Young Turks, Obama Admin With Karl Rove Against Don Siegelman, Cenk Uygur, Feb. 20, 2012 (Video). Conservative columnist George Will thinks Democratic Alabama Governor Don Siegelman was unfairly convicted of bribery. Why does the Obama Administration?

Legal Schnauzer, George Will, Of All People, Stands Up for Justice in the Don Siegelman Case, Roger Shuler, Feb. 12, 2012. Who could have imagined that George Will would prove to be more progressive than Barack Obama on fundamental matters of justice? Will, probably the nation's foremost conservative columnist, writes in his most recent piece that the U.S. Supreme Court should review the convictions of former Alabama Governor Don Siegelman and codefendant Richard Scrushy to ensure that overzealous prosecutors are not criminalizing standard political behavior. The Obama Justice Department, meanwhile, has stated that the Siegelman case was correctly decided and should not be reviewed by the nation's highest court. That presents a disturbing scenario for Democrats as they think about heading to the polls in November: George Will actually is more enlightened than Barack Obama on constitutional issues of profound importance to many progressives.

Pam Miles List-Serve, Don Siegelman, Esther Davis, Feb. 12, 2012. A brilliant, determined young man, a Rhodes scholar and karate black-belt, Donald Eugene Siegelman worked work his way through law school and eventually became the only Alabamian ever to be elected to four state-wide office, including the governorship.  As Lieutenant Governor, in 1997 Lieutenant Governor Don Siegelman  joined other states in a lawsuit against tobacco companies. Attorney General Bill Pryor and Alabama Republican Bill Canary fought the lawsuit. Siegelman accused Pryor, a close personal friend of Karl Rove, of being  too friendly with the tobacco industry. This disagreement served as the spring board for Pryor and his friends to launch an on-going investigation that would ultimately end Siegelman’s political career. Bill Canary was known as  “a legend in Republican circles” and  “someone you drop in a state when something needs fixing.”  He and Rove developed a strategy to turn around the court system in Alabama by hand-picking GOP candidates, spending million of dollars to get them elected. The strategy worked. Not one Democrat serves on the Alabama Supreme Court.  At the same time, there remained the problem of the popular Democratic governor. There was always the possibility that he would one day run for president.  In 2001 Bush- appointed US attorney, Leura Canary, wife of Bill Canary, and former assistant to  Bill Pryor, federalized Pryor’s on-going investigation of Siegelman. Subsequently,  Siegelman was indicted and dragged into court in 2004, 2005 and 2006. He was dogged his entire political career by a cabal engineered from Washington, which included Pryor, Karl Rove, who had been  Pryor’s campaign manager, and Canary, who had been  Bob Riley’s campaign manager, and Leura Canary. Through the years, they would bring more than 100 indictments against him.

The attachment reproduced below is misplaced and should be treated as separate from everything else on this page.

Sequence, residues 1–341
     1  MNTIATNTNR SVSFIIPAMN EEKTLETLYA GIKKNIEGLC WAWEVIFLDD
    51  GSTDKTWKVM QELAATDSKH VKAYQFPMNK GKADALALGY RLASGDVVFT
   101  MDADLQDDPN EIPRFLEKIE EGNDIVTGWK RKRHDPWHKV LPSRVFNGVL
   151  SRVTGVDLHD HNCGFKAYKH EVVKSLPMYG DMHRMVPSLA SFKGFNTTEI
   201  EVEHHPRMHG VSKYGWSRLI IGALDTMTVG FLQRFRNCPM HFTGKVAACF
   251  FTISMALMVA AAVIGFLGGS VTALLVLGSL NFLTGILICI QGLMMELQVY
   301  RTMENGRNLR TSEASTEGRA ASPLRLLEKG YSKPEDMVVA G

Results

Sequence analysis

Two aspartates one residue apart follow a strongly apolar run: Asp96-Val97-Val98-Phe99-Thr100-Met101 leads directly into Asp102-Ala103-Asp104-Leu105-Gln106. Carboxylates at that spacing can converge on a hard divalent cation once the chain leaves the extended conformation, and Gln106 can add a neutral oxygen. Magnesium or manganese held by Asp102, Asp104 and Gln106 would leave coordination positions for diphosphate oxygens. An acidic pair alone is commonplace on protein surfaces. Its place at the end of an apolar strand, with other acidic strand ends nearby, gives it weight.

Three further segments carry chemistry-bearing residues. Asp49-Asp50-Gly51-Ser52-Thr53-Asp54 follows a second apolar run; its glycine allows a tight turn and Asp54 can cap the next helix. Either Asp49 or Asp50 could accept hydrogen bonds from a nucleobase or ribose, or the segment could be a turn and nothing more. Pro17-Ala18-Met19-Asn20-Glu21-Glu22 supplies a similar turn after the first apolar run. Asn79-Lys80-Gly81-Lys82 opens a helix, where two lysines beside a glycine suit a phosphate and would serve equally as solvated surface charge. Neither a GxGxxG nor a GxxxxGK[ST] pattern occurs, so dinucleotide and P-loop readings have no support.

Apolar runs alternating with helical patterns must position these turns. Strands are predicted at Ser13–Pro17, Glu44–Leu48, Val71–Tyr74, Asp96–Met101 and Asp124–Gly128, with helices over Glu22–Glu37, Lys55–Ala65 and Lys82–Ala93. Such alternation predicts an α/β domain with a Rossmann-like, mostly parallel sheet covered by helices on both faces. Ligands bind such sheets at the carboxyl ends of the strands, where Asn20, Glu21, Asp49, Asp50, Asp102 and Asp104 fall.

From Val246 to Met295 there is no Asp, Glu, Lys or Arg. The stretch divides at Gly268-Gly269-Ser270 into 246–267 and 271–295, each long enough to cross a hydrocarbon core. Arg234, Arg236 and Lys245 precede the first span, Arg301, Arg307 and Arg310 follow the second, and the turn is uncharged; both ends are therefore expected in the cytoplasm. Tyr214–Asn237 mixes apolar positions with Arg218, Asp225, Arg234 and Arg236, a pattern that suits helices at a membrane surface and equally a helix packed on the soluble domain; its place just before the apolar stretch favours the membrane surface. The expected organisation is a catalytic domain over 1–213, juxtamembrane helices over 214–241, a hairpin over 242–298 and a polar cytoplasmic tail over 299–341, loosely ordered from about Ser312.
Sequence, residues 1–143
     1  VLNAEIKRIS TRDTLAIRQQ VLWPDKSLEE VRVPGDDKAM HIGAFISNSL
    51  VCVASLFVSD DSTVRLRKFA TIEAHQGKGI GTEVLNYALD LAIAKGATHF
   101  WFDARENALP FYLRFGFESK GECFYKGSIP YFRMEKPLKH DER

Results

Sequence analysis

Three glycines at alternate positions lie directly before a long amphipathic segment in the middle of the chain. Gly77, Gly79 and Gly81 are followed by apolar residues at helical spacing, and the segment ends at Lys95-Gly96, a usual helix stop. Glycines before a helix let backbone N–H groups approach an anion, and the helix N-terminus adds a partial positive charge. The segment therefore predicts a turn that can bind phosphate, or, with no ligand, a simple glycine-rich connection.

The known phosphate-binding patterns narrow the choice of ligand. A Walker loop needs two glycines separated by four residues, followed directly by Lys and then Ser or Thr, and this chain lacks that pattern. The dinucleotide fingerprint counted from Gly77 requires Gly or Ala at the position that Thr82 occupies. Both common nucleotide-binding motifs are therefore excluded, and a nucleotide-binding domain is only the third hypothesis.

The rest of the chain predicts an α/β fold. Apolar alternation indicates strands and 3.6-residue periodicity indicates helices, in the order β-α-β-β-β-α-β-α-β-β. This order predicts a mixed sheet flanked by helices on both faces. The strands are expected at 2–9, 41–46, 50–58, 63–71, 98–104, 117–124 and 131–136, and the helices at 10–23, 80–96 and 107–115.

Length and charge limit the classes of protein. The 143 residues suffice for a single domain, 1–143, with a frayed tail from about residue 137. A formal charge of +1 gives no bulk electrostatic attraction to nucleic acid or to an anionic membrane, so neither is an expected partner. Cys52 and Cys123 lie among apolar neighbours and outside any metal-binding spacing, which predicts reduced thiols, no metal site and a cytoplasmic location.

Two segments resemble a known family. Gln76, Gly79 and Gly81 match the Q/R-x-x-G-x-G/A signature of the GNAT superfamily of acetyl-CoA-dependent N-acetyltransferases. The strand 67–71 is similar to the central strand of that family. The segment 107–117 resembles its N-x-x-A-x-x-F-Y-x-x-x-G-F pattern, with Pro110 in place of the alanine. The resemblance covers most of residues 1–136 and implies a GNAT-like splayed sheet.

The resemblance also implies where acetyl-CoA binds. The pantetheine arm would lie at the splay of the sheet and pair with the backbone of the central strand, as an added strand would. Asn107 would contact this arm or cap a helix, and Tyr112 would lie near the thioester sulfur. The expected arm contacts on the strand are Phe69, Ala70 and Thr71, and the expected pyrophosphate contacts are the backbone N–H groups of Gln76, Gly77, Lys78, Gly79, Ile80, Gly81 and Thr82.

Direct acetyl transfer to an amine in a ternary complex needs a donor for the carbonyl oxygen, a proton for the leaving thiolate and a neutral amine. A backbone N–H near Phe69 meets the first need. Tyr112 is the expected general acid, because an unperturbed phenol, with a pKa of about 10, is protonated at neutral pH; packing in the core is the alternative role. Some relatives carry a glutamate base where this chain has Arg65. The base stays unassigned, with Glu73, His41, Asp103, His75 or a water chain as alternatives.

Legal Schnauzer, Why Did Karl Rove and His GOP Thugs Target Don Siegelman in Alabama? Roger Shuler, Feb. 6, 2012. (1) Why did Karl Rove and his pro-business GOP thugs target Alabama Democratic Governor Don Siegelman? (2) Why did the Bush administration proceed with what has become the most notorious political prosecution in American history? Those questions are particularly powerful now because Siegelman last week filed a petition with the U.S. Supreme Court for review of his 2006 convictions on bribery and obstruction of justice charges. This appears to be Siegelman's last crack at appellate review, and if it is denied, he probably is headed back to federal prison. I've probably written more words about the Siegelman affair than just about anyone on the planet, so I might as well take a crack at answering those questions.

Montgomery Advertiser, Don Siegelman asks U.S. Supreme Court to review bribery conviction, Brian Lyman, Feb. 1, 2012.  Former Alabama Gov. Don Siegelman Wednesday asked the U.S. Supreme Court to review his 2006 conviction on bribery and obstruction of justice charges. The 116-page petition for writ of certiorari requests the court to consider when a political contribution becomes a bribe, a key element of the former governor’s case. In their appeal to the U.S. Supreme Court, Siegelman’s attorneys ask the court to settle the matter, citing different rulings by different U.S. circuit courts on the issue. Jill Simpson

Justice Integrity Project, Alabama Democrat’s Slam at Party, Bush Advocacy Prompt Pushback, Guest Column by Jill Simpson, right, Jan. 31, 2012. "The truth about Artur Davis is that he sold out the Democrats in the State of Alabama, including Don Siegelman, when he stopped requesting as a House Judiciary Committee member that Karl Rove be brought before Congress in a public hearing with full examination to answer for his crimes devising political prosecutions."

 

Artur DavisLegal Schnauzer, Artur Davis Must Be the Sorest Loser In the History of American Politics, Roger Shuler, Feb. 1, 2012. Former Alabama Congressman Artur Davis [left] has been conducting a world-class whine-fest ever since he got spanked in the 2010 Democratic primary for governor. Davis says standing up for Siegelman made him appear soft on crime, and by questioning the actions of the Bush Justice Department, Davis called his own integrity into question. If you are a coherent, rational human being, that paragraph will leave you scratching your head. Davis, in so many words, is saying that he now regrets appearing to have principles -- he now regrets suggesting that federal prosecutions should focus only on actual crimes, not the political affiliation of the accused. Artur Davis is saying that he regrets standing up for due process and equal protection under the law -- that if a man has to choose between fundamental constitutional rights and his own political career, he should choose the career stuff every time.